"That sounds really gnarly," said Craig Rosenberg from San Mateo.
"I don't want to go in there and order something and have it turn out as glued particles. That's what it is," said Russ Roeca from San Francisco.
They're talking about meat glue -- a white powder that does just what the name implies. It is used to rebuild steaks out of pieces of meat that would normally be discarded. The official name for meat glue is transglutaminase. It's also known as TG in the industry.
"What's transglutaminase made of?" asked Cathey Beyless from Oakland. "It doesn't sound very appetizing."
It's made from natural enzymes harvested from fermented bacteria. And our investigation revealed the most glued product by far is filet mignon. That's because it's expensive, up to $25 a pound.
We confirmed glued filets are found in the food industry -- where filet mignon is served in bulk -- at a restaurant, banquet, cafeteria or hotel.
"It's kind of sad to know that they're doing that and we're spending top dollar for this food," said Veronica Juarez from San Francisco.
Josh Epple owns Drewes Bros. Meats, an old school butcher shop in Noe Valley. He doesn't use meat glue, but he agreed to demonstrate how the industry fuses tail pieces of filet mignon. The meat glue goes on, he seals it tight in plastic wrap and puts it in the fridge for 24 hours. Then it looks like a round piece of meat.
"Make believe filet mignons. That totally worked... wow," said Epple.
He says a good butcher would spot glued meat, but not the consumer.
"I've had it before actually, from a meat company that gave me some freebies and it was top sirloin, not filet mignon, and I knew right away, but that's me," said Epple.
The federal government says meat processed with transglutaminase is safe to eat, but there is something you need to know. The outside of a piece of meat comes in contact with a lot of bacteria making its way from slaughterhouse to the table. Usually cooking a steak on the outside will kill all that off. The center of a single cut of steak is sterile -- that's why you can eat it rare. But glue pieces of meat together and now bacteria like E. coli could be on the inside.
After our story, the meat lobby in Washington and the product's manufacturer emailed us the following points. They say: TG is completely natural, there are no recorded health issues, sales to restaurants are very limited, it is a niche product, and TG must be labeled with "formed" or "reformed" meat.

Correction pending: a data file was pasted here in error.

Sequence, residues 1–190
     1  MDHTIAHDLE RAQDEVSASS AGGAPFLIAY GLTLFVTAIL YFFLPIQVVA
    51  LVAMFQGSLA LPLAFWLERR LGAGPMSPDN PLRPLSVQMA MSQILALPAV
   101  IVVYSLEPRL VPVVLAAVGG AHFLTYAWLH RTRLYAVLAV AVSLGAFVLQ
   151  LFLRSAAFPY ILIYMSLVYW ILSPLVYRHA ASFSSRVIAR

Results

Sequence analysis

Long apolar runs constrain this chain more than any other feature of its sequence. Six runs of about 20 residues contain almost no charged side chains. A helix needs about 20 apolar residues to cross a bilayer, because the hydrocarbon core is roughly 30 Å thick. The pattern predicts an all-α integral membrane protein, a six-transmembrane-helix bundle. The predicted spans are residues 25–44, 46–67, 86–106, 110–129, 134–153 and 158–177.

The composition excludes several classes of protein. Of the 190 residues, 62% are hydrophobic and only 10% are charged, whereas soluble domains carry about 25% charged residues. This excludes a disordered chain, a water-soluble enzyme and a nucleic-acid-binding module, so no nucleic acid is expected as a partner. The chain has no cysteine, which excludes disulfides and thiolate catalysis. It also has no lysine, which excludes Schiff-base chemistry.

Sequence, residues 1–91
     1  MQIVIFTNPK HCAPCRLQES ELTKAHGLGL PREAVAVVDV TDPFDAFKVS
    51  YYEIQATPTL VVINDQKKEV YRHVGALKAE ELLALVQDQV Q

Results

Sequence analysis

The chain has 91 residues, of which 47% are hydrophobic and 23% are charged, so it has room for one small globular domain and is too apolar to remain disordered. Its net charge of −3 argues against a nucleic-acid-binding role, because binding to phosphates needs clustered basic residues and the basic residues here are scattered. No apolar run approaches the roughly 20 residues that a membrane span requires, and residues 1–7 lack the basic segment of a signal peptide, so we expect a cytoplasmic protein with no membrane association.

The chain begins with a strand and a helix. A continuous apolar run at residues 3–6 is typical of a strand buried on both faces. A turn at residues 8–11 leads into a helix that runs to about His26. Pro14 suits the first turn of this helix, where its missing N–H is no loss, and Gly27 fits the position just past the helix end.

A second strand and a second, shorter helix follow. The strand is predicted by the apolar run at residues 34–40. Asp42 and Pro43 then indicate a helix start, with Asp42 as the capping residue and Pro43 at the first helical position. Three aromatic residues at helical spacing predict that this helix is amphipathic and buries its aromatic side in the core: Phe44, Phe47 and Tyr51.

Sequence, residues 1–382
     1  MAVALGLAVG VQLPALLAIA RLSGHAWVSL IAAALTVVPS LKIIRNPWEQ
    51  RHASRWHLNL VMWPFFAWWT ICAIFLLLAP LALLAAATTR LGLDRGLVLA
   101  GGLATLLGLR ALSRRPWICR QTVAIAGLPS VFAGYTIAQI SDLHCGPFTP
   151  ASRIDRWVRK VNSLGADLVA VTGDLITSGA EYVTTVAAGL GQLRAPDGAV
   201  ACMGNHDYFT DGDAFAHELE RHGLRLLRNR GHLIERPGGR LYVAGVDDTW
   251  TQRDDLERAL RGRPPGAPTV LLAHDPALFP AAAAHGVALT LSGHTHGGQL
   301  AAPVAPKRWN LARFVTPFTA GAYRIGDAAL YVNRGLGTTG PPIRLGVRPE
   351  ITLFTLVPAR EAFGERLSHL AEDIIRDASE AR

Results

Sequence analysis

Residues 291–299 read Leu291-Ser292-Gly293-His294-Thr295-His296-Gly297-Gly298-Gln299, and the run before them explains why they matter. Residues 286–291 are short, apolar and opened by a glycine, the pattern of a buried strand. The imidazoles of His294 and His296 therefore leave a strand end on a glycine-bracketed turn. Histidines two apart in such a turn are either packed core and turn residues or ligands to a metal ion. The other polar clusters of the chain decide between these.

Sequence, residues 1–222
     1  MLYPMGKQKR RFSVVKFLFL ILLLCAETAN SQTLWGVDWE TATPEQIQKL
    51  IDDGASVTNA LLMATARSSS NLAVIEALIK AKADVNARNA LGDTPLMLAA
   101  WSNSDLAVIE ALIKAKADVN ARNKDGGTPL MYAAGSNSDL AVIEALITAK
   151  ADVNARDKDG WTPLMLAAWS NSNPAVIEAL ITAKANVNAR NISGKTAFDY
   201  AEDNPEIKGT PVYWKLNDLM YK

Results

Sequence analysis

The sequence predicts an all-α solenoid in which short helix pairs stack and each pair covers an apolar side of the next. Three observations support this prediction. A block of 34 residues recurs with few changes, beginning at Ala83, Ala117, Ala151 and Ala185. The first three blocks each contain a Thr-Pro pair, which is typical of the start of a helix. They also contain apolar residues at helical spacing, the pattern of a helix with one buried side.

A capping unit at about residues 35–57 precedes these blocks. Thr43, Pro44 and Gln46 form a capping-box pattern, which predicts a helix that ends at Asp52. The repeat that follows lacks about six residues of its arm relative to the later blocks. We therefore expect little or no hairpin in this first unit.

"I've never seen a menu with reformed meat on it," said Rosenberg.
And that's another problem. If you are eating at a restaurant or banquet, you wouldn't know you are eating glued meat. The American Meat Institute says it's up to you to ask.
"It is on a label, it may not be on the label on the menu of a restaurant, but it is on a label that's somewhere in the facility, they've seen. So you should talk to your wait staff, you should talk to your chef, if you have any concerns, you need to ask and be informed," said Betsey Booren from the American Meat Institute.
We contacted a senior scientist at Consumer Reports. He says there needs to be tougher standards. He wants labels right on the menu.
"Most consumers if they're buying a cut of meat, a muscle cut, they think they're getting something from a single animal and if they're indeed getting something that has been reformed from different animals and glued back to together, people should know that," said Michael Hansen, a Consumer Reports senior scientist via Skype.
Again, the most important thing for you to know is to ask questions and if you are not sure, ask for your filet mignon to be cooked completely through to be on the safe side because of that bacteria that could be on the inside.
UPDATE (5/1/12): Since our story first aired, it has caught the attention of a California lawmaker. Sen. Ted Lieu from Redondo Beach is known for pushing for better labeling on seafood, and now he wants restaurants serving glued meat to do the same. "The best way to fix the issue of seafood mislabeling and pink slime and meat glue is really through disclosure," he said. "Consumers should just be told by the restaurant what it is they are actually eating."